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Comment: Re:Sounds good (Score 1) 599

by rabbin (#49126945) Attached to: Republicans Back Down, FCC To Enforce Net Neutrality Rules
I agree that it is the first step but if the FCC did not plan to simultaneously remove the requirement of local loop unbundling (and other things, such as rate regulation), we would've been much better off. It shows that despite the public's concern over net neutrality, the FCC is ultimately still in the pocket of the telecoms.

I also agree that competition is the solution, but we may not agree on how it should come about. There are very few Googles out there that can afford these sort of high capital infrastructure projects and even google is limiting their rollout to only those places where it is very profitable. In other words, it is a natural monopoly. Thus we need local loop unbundling, and a separation of service providers from content providers and highly regulated infrastructure providers. Simply doing away with territorial exclusivity will not solve the problem.

Comment: Re:common man (Score 1) 194

by rabbin (#49108451) Attached to: The Imitation Game Fails Test of Inspiring the Next Turings
And since we can't all be superstars at X, only the people that are superstars at X should bother trying?

I don't think this is true. Most importantly, just because one's performance at something is not among the best doesn't mean one cannot find enjoyment in it (not to mention the people that are just good, good enough for employment in it, or even especially bad at it compared to others). And in life finding the things that are most enjoyable is probably the one of the most worthwhile things you can do (at least if you attribute any value to happiness). With programming and mathematics in particular, it is not always obvious that you enjoy them from the outset: how the subjects are presented can dramatically affect one's enjoyment of them, and there is often a hurdle you need to get over in order to discover the pleasure of participating.

This was especially true for myself: up until my first year of college, I hated mathematics and most intellectual pursuits. Then I had an enthusiastic instructor in college that (among other things) approached mathematics from the "pure" perspective rather than the "applied" and to say the least it was life changing. And from mathematics I learned the joy of learning for its own sake rather than simply for its "utility", and this blossomed into a passion for many other subjects I would have never dreamed I would enjoy. Now I spend the majority of my time on them (to many's confusion and sometimes frustration), but just imagine how much better my life could have been had I experienced such a teacher when I was, say, 8 years of age. On the other hand, perhaps another "authority figure" of my youth would have come along and shattered such a passion anyway with a statement like "a genius will accomplish more than you ever will, common man, so don't waste our time"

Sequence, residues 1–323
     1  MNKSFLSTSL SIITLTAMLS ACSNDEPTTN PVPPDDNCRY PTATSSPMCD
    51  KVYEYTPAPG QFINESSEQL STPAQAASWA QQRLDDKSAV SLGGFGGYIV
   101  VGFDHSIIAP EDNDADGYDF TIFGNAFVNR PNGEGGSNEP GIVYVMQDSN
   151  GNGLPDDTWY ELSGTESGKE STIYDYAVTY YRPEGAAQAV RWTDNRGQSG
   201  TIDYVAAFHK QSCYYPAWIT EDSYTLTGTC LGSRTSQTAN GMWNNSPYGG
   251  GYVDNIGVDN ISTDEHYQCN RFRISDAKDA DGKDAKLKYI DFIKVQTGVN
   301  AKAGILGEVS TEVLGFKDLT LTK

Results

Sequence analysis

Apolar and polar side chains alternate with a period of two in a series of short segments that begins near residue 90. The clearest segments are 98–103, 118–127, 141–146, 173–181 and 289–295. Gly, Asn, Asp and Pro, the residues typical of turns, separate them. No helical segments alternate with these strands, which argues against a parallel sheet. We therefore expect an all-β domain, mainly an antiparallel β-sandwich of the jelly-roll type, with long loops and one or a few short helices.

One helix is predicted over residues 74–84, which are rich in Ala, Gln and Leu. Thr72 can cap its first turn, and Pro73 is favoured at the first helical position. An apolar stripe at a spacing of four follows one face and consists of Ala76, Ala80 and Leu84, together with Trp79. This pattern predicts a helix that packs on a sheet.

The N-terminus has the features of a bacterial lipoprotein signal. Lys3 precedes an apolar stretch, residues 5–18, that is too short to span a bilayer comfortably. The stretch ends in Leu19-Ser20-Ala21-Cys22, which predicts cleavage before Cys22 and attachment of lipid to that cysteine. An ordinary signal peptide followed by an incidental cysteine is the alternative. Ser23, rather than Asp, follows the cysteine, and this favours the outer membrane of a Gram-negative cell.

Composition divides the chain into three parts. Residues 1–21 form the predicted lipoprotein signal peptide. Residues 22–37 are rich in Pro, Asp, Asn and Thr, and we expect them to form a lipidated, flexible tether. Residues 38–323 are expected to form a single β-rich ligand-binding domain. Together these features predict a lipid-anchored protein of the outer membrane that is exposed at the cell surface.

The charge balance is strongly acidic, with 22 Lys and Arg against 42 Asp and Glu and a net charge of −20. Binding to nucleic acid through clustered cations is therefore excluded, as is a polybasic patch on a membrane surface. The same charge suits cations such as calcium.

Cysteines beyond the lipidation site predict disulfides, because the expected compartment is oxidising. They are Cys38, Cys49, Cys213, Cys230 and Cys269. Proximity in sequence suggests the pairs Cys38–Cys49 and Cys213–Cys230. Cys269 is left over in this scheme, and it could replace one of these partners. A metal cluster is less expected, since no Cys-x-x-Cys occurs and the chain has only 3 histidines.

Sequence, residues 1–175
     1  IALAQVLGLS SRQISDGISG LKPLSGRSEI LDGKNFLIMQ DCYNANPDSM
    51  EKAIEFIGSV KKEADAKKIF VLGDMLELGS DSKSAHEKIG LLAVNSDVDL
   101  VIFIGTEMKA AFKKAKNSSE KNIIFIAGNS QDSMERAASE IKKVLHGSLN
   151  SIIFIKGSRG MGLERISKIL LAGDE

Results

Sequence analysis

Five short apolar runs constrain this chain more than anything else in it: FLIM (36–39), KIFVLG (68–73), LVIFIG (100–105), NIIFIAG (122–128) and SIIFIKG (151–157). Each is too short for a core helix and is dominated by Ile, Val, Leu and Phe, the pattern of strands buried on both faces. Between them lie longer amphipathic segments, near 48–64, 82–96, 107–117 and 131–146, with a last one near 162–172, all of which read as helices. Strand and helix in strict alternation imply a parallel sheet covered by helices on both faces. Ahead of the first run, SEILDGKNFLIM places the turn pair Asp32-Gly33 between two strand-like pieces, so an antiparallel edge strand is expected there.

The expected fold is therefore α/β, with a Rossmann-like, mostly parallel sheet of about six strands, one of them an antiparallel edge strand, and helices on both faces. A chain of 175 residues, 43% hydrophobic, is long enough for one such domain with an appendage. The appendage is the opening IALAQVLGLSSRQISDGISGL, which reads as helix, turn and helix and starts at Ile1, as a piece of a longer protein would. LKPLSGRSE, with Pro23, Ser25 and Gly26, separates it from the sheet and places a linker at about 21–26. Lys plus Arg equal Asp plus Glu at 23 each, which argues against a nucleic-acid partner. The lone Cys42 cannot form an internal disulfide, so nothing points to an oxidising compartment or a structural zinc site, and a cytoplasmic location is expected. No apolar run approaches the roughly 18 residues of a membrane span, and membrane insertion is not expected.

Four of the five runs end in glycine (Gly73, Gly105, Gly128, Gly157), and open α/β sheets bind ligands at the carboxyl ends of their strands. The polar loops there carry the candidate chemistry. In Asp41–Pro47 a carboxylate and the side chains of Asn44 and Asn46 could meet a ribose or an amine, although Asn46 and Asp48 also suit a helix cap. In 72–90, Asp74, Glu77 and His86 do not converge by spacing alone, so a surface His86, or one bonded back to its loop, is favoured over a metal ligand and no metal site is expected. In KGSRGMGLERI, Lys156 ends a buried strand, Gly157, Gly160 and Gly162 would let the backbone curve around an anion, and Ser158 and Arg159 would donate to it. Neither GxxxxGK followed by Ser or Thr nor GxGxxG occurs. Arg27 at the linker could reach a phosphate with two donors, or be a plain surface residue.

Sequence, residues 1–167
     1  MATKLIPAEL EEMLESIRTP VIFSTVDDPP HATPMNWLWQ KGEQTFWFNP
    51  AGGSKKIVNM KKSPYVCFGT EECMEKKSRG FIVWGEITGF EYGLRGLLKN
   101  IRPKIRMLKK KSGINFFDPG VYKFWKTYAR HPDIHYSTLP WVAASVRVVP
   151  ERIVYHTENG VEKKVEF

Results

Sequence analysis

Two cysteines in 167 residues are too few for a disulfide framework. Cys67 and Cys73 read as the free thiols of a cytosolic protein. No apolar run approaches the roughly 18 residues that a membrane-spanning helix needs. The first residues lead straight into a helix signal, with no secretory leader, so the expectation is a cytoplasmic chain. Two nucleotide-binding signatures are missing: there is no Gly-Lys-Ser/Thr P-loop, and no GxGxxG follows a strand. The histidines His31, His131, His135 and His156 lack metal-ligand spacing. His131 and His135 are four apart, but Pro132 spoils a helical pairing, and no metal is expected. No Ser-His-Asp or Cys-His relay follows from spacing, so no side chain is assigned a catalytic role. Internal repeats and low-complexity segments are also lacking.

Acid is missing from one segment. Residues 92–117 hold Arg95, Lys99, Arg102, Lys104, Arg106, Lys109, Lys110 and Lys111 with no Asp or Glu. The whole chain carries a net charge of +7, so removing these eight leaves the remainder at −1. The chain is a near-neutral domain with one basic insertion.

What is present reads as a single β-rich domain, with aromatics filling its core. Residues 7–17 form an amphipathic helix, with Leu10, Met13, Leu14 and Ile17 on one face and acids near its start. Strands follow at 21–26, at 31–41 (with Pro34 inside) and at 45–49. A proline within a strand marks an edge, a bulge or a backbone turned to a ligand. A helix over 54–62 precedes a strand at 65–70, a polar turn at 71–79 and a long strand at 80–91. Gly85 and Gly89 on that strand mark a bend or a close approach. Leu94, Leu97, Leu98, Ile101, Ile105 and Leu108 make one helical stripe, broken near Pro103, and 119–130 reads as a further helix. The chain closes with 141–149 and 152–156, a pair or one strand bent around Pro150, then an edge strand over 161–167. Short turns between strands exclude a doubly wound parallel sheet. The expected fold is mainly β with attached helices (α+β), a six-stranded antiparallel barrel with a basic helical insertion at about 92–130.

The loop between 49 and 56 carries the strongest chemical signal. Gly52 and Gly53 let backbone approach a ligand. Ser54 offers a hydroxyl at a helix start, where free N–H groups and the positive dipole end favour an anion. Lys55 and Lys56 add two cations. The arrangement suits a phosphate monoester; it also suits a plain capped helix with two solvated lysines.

And, not that this was being argued, but I don't buy the argument that "All people that are interested in X naturally gravitate toward X regardless of all other external factors." In the case of programming or mathematics, such an external factor might be an anti-intellectual culture (such as in the U.S., Brazil, etc etc) or ignorant backwaters stuck in their own miniature "Dark Ages"--where e.g. deep-set insecurities or prejudices are cultivated.

Comment: Should fix chat so people actually use it first... (Score 0) 216

by rabbin (#49066159) Attached to: Valve Censoring Torrent References In Steam Chat
Maybe they should fix Steam Chat so people actually use it first? The only way that chat channels will stay populated and thus see any use is if there's a simple autojoin mechanism. It is silly that users have to manually join each individual chat room every time they start up Steam (they end result of course being that ... they don't). Right now you have groups with tens of thousands of members but no one joins the chat channel.

People have been asking for this since fucking 2008 ( ). And yes there are workarounds to make autojoin work but they don't apply here since the point is to give the average user a chance to join.

Until they get autojoin to work, Steam Chat will be practically useless, so the idea that considering its use for pirating games is quite silly.

Comment: Re:Don't get too excited (Score 4, Interesting) 379

by rabbin (#48981875) Attached to: Confirmed: FCC Will Try To Regulate Internet Under Title II
If only I had mod points. This is exactly my concern. It's as if they're dangling NN in front of us while slipping the rug out from under our feet.

From what I understand, the main problem is that we need to force the industry, kicking and screaming, to compete by "artificial" means because there is no naturally occuring free market (or anything close to it) in telecommunications. This is why the libertarian view of "if we only did away with franchise agreements granting territorial exclusivity..." wouldn't solve the main problem.

Comment: No last mile unbundling? (Score 2) 379

by rabbin (#48981337) Attached to: Confirmed: FCC Will Try To Regulate Internet Under Title II